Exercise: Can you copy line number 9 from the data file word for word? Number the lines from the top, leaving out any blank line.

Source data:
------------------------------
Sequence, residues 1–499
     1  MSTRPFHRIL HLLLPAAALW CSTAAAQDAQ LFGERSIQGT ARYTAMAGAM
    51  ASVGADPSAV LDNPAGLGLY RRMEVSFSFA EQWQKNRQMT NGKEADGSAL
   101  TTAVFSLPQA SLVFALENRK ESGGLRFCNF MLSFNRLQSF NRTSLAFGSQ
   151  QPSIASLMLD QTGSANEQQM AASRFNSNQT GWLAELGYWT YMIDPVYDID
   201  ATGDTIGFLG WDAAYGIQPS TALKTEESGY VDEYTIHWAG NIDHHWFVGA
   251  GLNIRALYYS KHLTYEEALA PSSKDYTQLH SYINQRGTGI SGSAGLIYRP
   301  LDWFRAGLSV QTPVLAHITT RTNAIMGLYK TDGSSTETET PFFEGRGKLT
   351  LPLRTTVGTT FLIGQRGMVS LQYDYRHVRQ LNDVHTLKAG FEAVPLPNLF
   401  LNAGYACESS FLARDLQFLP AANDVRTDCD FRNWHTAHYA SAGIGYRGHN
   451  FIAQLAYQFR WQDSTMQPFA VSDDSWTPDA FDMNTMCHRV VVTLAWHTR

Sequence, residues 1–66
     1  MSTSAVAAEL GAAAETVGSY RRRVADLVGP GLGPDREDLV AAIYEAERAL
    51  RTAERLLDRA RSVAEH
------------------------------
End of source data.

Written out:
   351  LPLRTTVGTT FLIGQRGMVS LQYDYRHVRQ LNDVHTLKAG FEAVPLPNLF